Tech

Here's how EV batteries can be given a second life

Where do EV batteries go when they die?
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Where do EV batteries go when they die?

Over 300 million electric vehicles are expected to be on the world's roads by 2030, according to the International Energy Agency. However, the American EV market is small. In 2021, the U.S. accounted for less than 10% of new global EV registrations, while China and Europe accounted for 50% and 35%, respectively. China also accounts for over 70% of global EV battery production capacity, meaning the U.S. is heavily dependent on imports of batteries and battery minerals. 

"It has been clear since 2014 that China had a plan to lock up the bulk of the world's production of battery minerals," said John Voelcker, an EV analyst. "The world's largest battery company is now in China."

By 2050, the National Renewable Energy Laboratory expects the demand for graphite, lithium and cobalt, all critical minerals in EV batteries, to increase by 500%. It estimates that the lifetime of an EV battery is around 12 to 15 years in moderate climates. 

"The degradation of an EV battery pack is one of the biggest questions of the industry," said Lea Malloy, head of electric vehicle battery solutions at Cox Automotive Mobility. "Every battery will reach the end of life. It's important that these end-of-life packs are recycled, so they don't end up where they don't belong."

With the estimated reuse lifetime of an EV battery ranging anywhere between five to 30 years, extending the life cycle could reduce the need for mining critical minerals. Companies like American Battery Technology have already developed processes to recycle lithium-ion batteries, but Oklahoma-based Spiers New Technologies or SNT is pioneering a different process. 

"It's fantastic that you can drive an electric vehicle, knowing that the end-of-the life of that battery pack, the ingredients will be reused in a new battery pack and a new electric car, and that we really want to play a role in," said Dirk Spiers, founder and CEO of SNT.

SNT was founded in 2014 with just two employees. In 2021, it was acquired by Cox Automotive, a subsidiary of Atlanta-based media conglomerate Cox Enterprises. The company now has over 400 employees and offers what it calls a "one-stop solution" for used and faulty EV batteries.

"We are like a diner of battery services," said Spiers. "You can come to us for a cup of coffee, but if you want to have a steak, a cup of soup or apple pie, we serve all these things."

The company receives EV batteries directly from the dealership or original equipment manufacturer. It then puts the battery packs through its diagnosis system, named Alfred. Alfred assesses the health of the battery pack to determine whether it can eventually go back into a vehicle. A pack can be repaired to operational conditions, remanufactured to original factory standards, refurbished and upgraded to current factory standards. If truly at its end-of-life, SNT will recycle it.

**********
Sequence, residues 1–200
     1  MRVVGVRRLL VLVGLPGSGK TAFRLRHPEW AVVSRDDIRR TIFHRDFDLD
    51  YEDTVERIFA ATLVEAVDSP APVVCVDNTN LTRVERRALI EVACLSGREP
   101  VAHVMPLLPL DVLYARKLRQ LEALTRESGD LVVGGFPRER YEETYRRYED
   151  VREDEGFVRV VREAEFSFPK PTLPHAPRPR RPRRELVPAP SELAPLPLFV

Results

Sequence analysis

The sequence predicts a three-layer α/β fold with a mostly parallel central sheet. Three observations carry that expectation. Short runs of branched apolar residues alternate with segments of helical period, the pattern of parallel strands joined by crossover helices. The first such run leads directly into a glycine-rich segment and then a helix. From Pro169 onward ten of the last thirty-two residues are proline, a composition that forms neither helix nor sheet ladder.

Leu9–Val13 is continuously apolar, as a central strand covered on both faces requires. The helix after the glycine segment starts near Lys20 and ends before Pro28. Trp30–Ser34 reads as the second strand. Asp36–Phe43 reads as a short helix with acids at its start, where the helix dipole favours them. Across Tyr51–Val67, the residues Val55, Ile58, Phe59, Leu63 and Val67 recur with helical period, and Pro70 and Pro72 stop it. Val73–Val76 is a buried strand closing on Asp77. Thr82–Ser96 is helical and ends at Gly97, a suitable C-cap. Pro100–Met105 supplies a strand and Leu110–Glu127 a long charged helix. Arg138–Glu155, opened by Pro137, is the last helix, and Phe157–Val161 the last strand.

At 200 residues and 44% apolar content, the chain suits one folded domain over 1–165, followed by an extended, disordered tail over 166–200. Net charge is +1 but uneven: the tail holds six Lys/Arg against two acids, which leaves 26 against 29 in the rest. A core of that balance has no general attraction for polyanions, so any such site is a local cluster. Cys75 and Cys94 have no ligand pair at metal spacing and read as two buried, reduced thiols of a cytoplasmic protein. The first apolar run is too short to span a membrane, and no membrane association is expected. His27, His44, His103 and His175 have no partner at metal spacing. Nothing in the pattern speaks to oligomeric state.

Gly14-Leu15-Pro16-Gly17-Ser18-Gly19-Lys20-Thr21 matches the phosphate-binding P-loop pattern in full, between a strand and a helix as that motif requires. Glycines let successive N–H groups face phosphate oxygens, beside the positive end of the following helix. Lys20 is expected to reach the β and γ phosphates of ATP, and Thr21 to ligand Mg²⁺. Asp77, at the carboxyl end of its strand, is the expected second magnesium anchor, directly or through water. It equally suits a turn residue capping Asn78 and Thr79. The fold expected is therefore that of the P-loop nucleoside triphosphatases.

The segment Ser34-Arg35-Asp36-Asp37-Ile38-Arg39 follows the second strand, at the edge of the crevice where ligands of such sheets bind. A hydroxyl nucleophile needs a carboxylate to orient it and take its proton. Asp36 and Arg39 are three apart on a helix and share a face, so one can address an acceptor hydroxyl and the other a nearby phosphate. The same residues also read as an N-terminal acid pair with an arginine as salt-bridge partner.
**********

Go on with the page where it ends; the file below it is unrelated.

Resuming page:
"A couple of years ago there was a cost associated with recycling a lithium-ion battery pack. Now it is a positive," he said. "If you give me a lithium-ion battery pack, I probably will give you money back for it. And that's the beauty of it. The intrinsic value of that battery pack is higher than the cost of recycling."

In addition to its Oklahoma City-based headquarters, SNT also has facilities in Las Vegas, Detroit and the Netherlands with plans to expand to the east coast and the U.K. Right now it says being centrally located in the U.S. is key to its business model.

"We need to be where our customers are, being bang in the middle of the country helps. We can reach either coast between two and three days," Spiers said. 

The company wouldn't disclose the number of battery packs it's capable of storing but said it handles on average 15 thousand battery packs and modules per month.

"We get anything from, say, 50 to 100 battery packs per day. Probably 80, 90% can be refurbished. Recycling is maybe 5 to 10%. And the rest is repurposing, second life. But those numbers will fluctuate," he said.

Since its inception, SNT says it's serviced more than 240 thousand packs and more than 50 thousand have been repaired, refurbished or remanufactured. 

"If you look at the EV market and take Tesla out, we probably have 60, 65, 70% of that market," said Spiers. "GM, Ford, Stellantis, Porsche, Volkswagen, Nissan, Toyota, Volvo we keep adding to the list."

But, why doesn't it work with Tesla, the most recognizable American EV company? 

"They like to do their own stuff. You know, they're a little bit like Apple," he said. 

"When I think about the future of EV battery recycling specifically, I see it as an increasingly competitive space," Malloy said. "At the same time, there is a bit of a mismatch of maybe more supply and capacity around EV battery recycling than demand. We're just riding this first wave of electric vehicles who could be on the road for ten-plus years."

With the world having a finite amount of minerals necessary for EV batteries, could it reach a point of indefinite cycling and reuse? 

"I think we will be mining metals for the balance of my lifetime," said Voelcker.  "The hope is as batteries get more powerful, smaller, lighter and cheaper, with luck, we will need fewer metals."

"Why would you get cobalt from Africa or lithium from South America, if you can get it here in Oklahoma City," Spiers said. "The circular economy is happening. It's happening right now. It's happening here in Oklahoma City…the volume is still small, but it will get bigger and bigger."